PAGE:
1 July 2021 – All other banks (and accredited data recipients) will need to provide access to consumer, account and transaction data and product data for Phase 3 products.
Explore our open banking series below to help you prepare for the changes:
The re-election of a Coalition government means that organisations should remain focussed on their Open Banking change program, as this continues to have the potential to be one of the most important changes in financial services in a generation.
Data governance and architecture is a tightrope that organisations in the banking sector must navigate to realise the upside of unlocking information silos, and to protect themselves from potential threats in an open banking environment.
Artificial intelligence is already driving a dramatic shift in how financial institutions attract and retain customers. In an environment where customers are able to share their data, the ability to aggregate, manage and analyse data will become increasingly important.
By giving customers control over their banking data, and the ability to share it with third parties, open banking will transform banking in Australia. It has also generated a renewed focus on privacy. Open banking will result in more entities accessing banking data, and banking data being transferred more often – increasing the possibility that data privacy is compromised.
The evolution of an open banking model, where customers rather than each financial institution control and share their data, will potentially have a profound effect on financial crime risk management.
For years, discussions around APIs were confined to the developer community, but today they are the stuff of backyard BBQs, millennial games nights as well as
Open Banking is an ‘opportunity to re-shape how banks will deliver value in their financial products’. It promises substantial benefits in competition, innovation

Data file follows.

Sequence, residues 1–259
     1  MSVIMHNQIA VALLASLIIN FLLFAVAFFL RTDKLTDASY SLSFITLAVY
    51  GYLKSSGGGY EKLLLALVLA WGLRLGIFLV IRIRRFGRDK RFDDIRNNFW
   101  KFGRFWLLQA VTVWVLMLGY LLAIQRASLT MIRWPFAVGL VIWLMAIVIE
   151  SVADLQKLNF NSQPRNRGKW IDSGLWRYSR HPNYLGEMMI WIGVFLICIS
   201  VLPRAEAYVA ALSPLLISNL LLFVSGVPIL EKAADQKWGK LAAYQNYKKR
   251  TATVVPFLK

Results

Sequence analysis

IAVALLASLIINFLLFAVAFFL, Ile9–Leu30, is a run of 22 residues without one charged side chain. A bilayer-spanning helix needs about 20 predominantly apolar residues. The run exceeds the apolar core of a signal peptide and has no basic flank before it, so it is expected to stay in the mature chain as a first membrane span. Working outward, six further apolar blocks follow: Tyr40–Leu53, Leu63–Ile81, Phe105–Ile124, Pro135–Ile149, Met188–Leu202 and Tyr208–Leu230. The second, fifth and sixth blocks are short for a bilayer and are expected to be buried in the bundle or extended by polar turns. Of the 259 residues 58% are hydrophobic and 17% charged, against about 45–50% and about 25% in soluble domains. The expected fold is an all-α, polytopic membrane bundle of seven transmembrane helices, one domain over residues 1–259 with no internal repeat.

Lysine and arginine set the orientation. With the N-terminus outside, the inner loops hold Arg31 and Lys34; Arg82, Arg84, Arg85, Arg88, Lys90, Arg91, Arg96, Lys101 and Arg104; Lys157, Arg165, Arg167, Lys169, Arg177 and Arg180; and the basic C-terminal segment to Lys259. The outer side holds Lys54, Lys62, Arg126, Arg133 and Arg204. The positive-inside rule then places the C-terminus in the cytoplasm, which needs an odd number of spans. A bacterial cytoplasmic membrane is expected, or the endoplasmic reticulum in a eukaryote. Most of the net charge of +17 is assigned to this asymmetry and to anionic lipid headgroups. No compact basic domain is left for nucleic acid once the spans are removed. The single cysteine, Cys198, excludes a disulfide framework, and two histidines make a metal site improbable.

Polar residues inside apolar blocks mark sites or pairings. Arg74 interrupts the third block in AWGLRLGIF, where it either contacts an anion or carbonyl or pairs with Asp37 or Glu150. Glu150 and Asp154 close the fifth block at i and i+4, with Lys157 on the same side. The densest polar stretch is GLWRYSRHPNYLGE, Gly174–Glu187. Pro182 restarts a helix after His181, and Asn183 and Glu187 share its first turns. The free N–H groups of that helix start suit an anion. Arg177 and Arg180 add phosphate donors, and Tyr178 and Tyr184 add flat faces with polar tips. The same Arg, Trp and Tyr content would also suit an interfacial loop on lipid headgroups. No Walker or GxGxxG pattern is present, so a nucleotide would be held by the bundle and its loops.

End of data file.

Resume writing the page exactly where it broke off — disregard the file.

Open Banking: Potential pricing implications
Information about a customer’s financial position and transactions
The end of September 2018 will see the four major banks provide the first component of Comprehensive Credit Reporting (CCR), effectively a component of Australia’s emerging open banking regime. CCR, otherwise known as ‘positive reporting’, enhances the credit information provided by lenders and credit reporting bodies. This has the potential to enhance
Open banking is ‘one of the biggest changes in financial services in a generation’, according to American Banker magazine. The changes enabled by open banking and comprehensive credit reporting will have a significant impact for customers, data privacy and financial crime, strategy and pricing, conduct and fairness, artificial intelligence, and application programming interfaces (APIs). Financial institutions that fail to align their actions in all of these areas ‘risk getting left in the dust.’
Read more insights from our Deloitte experts:
- Open banking and Cyber security (Deloitte UK)
- Privacy and PSD2 (Deloitte UK)
- Submission on the Consumer Data Right Rules Framework (Deloitte AU)
- Submission to Treasury on the draft CDR Bill (Deloitte AU)
- Four key parts of the API economy (Deloitte UK)
- AI and risk management (Deloitte UK)
- How to create
defensiblecompetitive advantage in organisationsdriven by AI (Deloitte UK)
- The marketing opportunity in open banking (Deloitte UK)